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India, Australia ink deal on uranium exports, to boost defence ties

New Delhi, Sep 5 India and Australia Friday inked a long-awaited civil nuclear agreement to enable Australia to export uranium to energy-starved India and also agreed to step up their political, security and defence cooperation as visiting Australian Prime Minister Tony Abbott held talks with his counterpart Narendra Modi here.

Abbott, the first head of state to pay a bilateral visit under the new NDA government, also brought with him two Chola period artefacts that were stolen from temples in Tamil Nadu. The return of the Nataraja and Ardhanarishwara statues from the 11th century AD were appreciated by Modi.

The Australian prime minister, who arrived in India Thursday, said the civil nuclear energy agreement was inked as “Australia trusts India to do the right things in this area as it has done the right thing in every area since its independence 70 years ago” and “that is why we are happy to trust India with a uranium treaty”.

Addressing a joint media interaction with Modi after both sides inked four agreements, including in water resources and sports, Abbott said both countries would work to strengthen their trade relations and also focus on areas like energy, food and education.

Modi termed the inking of the civil nuclear agreement as “a historic milestone in our relationship” and reflection of a “new level of mutual trust and confidence” in bilateral ties.

He said the agreement would support India’s efforts to fuel its growth with clean energy and minimize the carbon footprint of its growth.

Modi said he and Abbott have decided to enhance their political dialogue and increase their security and defence cooperation.

He said he has accepted Abbott’s invitation to pay a bilateral visit to Australia after the G20 Summit in November, remarking that there has been no prime ministerial visit from India to Australia since 1986.

Both sides will hold their first bilateral naval exercise in 2015 and intend to enhance their exercises in the coming years, he said.

In the field of trade and investment, Modi said Abbott has assured of speedy clearances for Indian investment proposals in the pipeline. “I invited Australian investments into India, including in infrastructure and high technology areas.”

He said India is concerned about the decline in bilateral trade and is committed to early conclusion of the Comprehensive Economic Cooperation Agreement (CECA).

Earlier, Abbott pledged $20 million to facilitate partnership between the two countries in the health sector during a visit to the All India Institute of Medical Sciences (AIIMS) Trauma Centre here.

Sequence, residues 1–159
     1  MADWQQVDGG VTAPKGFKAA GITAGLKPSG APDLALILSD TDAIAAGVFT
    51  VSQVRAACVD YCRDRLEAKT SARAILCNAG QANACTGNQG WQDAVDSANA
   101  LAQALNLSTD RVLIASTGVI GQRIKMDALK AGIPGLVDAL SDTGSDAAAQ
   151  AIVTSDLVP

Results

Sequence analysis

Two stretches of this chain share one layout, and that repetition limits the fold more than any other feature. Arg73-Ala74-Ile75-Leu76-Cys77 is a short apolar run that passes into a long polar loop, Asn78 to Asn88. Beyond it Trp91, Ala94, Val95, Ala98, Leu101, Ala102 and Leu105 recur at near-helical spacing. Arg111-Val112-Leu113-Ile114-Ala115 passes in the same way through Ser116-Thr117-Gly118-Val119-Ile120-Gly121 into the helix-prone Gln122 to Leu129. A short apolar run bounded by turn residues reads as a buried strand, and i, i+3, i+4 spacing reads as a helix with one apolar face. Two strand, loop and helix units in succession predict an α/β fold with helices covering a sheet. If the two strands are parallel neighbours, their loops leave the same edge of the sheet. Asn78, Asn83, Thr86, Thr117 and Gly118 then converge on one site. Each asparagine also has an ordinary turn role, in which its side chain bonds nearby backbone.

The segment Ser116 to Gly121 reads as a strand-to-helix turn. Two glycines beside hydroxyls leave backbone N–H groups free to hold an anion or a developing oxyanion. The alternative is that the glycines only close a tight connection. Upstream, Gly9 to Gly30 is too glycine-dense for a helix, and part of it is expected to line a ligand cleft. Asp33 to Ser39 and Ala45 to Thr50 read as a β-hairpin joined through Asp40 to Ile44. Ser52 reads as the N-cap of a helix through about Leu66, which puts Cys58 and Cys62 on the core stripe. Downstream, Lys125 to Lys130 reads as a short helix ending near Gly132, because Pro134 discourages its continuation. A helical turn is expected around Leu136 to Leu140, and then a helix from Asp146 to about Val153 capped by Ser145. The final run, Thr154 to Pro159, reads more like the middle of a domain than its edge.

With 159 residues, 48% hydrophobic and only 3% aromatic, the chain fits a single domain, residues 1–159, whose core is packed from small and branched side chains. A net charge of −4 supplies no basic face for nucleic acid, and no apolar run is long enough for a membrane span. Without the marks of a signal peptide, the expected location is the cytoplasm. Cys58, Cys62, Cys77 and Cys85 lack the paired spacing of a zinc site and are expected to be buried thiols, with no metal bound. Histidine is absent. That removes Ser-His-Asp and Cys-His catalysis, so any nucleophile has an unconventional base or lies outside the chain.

Abbott, who was in Mumbai Thursday, met Modi here in the morning and finalized the civil nuclear deal.

During the meeting, he gifted a Nehru jacket made of Australian wool to Modi, who in return presented him a copy of the Gita.

Abbott called on President Pranab Mukherjee at the Rashtrapati Bhavan in the morning and said he was “determined to do whatever he can to strengthen an already deep friendship”.

“Australia recognizes India’s increasing importance in the world,” Abbott said while describing India as an emerging democratic superpower.

Australia, which holds almost a third of the world’s known uranium reserves, had banned exporting uranium to India as New Delhi is not a signatory to the Nuclear Non-Proliferation Treaty.

But the countries have been negotiating a nuclear safeguards agreement since 2012 and have held five rounds of negotiations. Ahead of his India visit, Abbott had told his parliament that he expects to ink the nuclear cooperation agreement with the Modi government.

Abbott is accompanied by a business delegation of around 30 people.

The MoU on Water Resources Management is significant as Australia has water technology expertise and has expressed keenness to contribute to the Modi government’s Clean Ganga project.

Addressing a business meet in the morning, Abbott said: “Both PM Modi and I wish to be known as infrastructure PMs and the G20 will focus on mobilizing private capital to address the world’s infrastructure deficit.”

He said his government was streamlining student and working visa arrangements to make it easier for Indians to study and work in Australia.

Over 36,000 Indian students study in Australia, mostly in vocational institutes.

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